Guided walks open up even more mountains

All the peaks listed above are ideal for beginners striking out on their own and tackling their first mountain walks without assistance. However, not everyone wants to do it that way. Some people prefer a little company and support and feel more confident alongside an experienced walker. Others find local knowledge and expertise enrich their walking experience. Many want to take on one of the bigger UK mountains in a safe and enjoyable way. Guided walks are a great option in all these instances. With this in mind, here are three excellent options for guided walks.

Yr Wyddfa (Snowdon)

Climb Snowdon Guided Walks occur several times a month and are guaranteed to run regardless of booking numbers. Led by an experienced local guide, the walks typically start in Llanberis village, ascend to the summit via the Snowdon Ranger Path and return via the Llanberis Path. Along the way, you will enjoy fantastic views of Llyn Cwellyn and Mynydd Mawr, as well as the complete Eryri panorama from the summit. As the walk finishes in Llanberis, you can also enjoy a well-earned post-walk treat from one of the delicious cafes in the village.

Ben Nevis

Climb Ben Nevis Guided Walks see you take on the UK’s highest peak, discover the Giant of the Grampians and explore a truly memorable mountain landscape. Standing at 1,345 metres, Ben Nevis is achievable for beginners with a relatively good level of fitness. With more than 15 years of experience walking the mountain, our expert guides are there to help you overcome the challenge while providing insight into local history, culture and natural ecosystems. They also cover all route planning and navigation, so you don’t have to worry about anything and can focus exclusively on enjoying the walk.

Scafell Pike

Climb Scafell Pike Guided Walks are ideal for those who want to progress from smaller hills and experience England’s highest mountain. At 978 metres, the summit is certainly within reach of most beginners. While summiting Scafell Pike is a rewarding physical challenge, the mountain’s major appeal is its varied ecology. There is an enormous amount to explore here, much of which many walkers miss. From panoramic views and elegant peregrines to rare plant life and songful skylarks, our local guides ensure you get the full Scafell Pike experience. With so many routes to choose between and complex terrain to traverse, navigation is also tricky. Climb Scafell Pike guides eliminate any anxiety surrounding the walk and routing, while offering support to walkers summiting Scafell Pike for the first time.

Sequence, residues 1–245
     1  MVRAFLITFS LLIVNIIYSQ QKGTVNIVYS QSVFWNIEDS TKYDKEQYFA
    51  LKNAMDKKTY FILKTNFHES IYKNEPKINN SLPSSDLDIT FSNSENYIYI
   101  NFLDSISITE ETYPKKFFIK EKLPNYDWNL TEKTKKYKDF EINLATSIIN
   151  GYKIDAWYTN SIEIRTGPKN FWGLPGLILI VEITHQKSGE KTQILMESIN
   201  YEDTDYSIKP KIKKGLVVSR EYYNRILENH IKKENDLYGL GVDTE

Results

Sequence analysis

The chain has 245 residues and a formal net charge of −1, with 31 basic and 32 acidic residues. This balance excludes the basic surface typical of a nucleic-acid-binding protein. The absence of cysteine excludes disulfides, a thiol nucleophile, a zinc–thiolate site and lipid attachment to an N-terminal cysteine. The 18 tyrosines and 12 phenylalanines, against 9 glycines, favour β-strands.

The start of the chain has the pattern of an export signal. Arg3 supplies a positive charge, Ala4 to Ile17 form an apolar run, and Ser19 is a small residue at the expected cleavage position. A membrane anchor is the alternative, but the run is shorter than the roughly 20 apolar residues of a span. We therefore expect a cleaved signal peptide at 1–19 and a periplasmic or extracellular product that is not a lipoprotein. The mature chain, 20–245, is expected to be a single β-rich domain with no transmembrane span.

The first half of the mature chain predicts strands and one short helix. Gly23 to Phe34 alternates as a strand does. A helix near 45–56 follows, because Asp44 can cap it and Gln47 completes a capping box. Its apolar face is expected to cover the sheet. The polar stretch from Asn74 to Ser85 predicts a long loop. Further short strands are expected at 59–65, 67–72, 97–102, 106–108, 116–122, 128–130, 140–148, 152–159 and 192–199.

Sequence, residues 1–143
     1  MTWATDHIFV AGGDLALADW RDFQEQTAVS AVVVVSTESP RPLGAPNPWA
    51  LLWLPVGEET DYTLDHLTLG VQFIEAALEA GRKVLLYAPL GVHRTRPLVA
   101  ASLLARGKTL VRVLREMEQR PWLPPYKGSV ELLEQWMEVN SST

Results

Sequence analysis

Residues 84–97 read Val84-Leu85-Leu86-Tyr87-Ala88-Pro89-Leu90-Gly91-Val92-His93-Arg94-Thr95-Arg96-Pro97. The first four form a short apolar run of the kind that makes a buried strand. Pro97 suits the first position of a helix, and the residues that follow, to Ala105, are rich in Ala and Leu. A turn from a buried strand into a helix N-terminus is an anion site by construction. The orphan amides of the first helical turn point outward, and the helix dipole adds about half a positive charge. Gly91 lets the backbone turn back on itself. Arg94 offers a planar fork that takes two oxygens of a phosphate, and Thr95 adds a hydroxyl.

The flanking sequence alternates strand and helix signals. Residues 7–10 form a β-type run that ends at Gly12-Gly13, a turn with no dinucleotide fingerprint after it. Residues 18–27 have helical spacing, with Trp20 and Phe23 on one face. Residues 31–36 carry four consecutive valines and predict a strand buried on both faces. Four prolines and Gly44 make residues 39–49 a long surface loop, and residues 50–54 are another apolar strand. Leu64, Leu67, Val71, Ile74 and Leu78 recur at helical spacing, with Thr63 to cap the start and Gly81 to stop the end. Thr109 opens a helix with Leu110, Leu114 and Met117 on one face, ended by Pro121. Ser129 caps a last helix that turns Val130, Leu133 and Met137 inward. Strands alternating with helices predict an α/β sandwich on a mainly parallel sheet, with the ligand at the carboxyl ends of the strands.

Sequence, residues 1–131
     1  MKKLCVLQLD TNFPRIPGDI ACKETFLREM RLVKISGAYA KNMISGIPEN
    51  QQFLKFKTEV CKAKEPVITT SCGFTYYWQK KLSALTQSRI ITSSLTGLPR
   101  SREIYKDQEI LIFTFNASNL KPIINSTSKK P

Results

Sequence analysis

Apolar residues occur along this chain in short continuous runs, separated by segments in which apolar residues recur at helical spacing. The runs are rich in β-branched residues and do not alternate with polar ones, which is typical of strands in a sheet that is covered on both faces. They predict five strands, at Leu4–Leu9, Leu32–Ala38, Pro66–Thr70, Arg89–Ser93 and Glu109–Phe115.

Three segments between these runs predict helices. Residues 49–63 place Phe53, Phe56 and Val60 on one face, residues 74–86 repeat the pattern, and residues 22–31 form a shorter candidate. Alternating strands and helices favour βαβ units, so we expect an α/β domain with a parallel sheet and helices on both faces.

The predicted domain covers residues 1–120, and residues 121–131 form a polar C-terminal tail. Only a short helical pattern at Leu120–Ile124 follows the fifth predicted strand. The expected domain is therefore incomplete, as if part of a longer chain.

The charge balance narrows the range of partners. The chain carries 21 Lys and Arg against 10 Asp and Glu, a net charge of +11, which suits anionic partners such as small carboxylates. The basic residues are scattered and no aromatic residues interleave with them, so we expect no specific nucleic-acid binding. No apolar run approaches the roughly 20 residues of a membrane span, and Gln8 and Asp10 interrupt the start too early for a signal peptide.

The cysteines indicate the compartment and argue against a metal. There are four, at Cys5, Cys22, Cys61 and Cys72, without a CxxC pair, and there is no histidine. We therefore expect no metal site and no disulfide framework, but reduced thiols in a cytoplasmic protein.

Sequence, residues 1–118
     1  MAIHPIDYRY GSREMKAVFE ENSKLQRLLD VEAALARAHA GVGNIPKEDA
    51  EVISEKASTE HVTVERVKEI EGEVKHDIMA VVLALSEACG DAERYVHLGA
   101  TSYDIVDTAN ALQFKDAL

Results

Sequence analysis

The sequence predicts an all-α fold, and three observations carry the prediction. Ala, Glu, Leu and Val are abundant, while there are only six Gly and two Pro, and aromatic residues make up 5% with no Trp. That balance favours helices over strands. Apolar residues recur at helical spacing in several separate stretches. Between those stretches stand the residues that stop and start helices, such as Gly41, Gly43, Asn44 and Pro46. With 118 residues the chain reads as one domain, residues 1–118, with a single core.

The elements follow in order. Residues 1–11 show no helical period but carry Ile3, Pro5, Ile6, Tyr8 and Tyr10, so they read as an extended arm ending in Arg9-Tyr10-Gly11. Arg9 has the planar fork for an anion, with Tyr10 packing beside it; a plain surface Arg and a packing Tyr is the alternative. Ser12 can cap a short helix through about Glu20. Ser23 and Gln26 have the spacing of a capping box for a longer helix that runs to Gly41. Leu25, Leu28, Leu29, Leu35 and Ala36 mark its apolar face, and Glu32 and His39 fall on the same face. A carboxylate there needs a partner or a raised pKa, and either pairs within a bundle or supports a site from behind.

What next?

If you are just getting into walking and want to experience the best of the UK’s mountains, there are a few things you can do. First off, make sure you do your research. Our blog contains a range of guides and articles for Yr Wyddfa (Snowdon)-related walking, many of which include advice that translates to other peaks.

Second, consider walking as part of a group with Climb Snowdon. Our trained mountain leaders offer support and guidance throughout the day, and walking with other beginners is a rewarding social experience. Alternatively, our sister site, RAW Adventures offers various skills courses to improve your abilities in the mountains and boost your confidence.

If you want to learn more or speak to the friendly Climb Snowdon team about organising a mountain walking trip, please do not hesitate to get in touch. While we’re based in Eryri, at the base of Yr Wyddfa, we organise guided walks on any and all mountains. We also run skills courses for anyone who wants to learn core mountain skills that will ensure you are expertly prepared for all future adventures!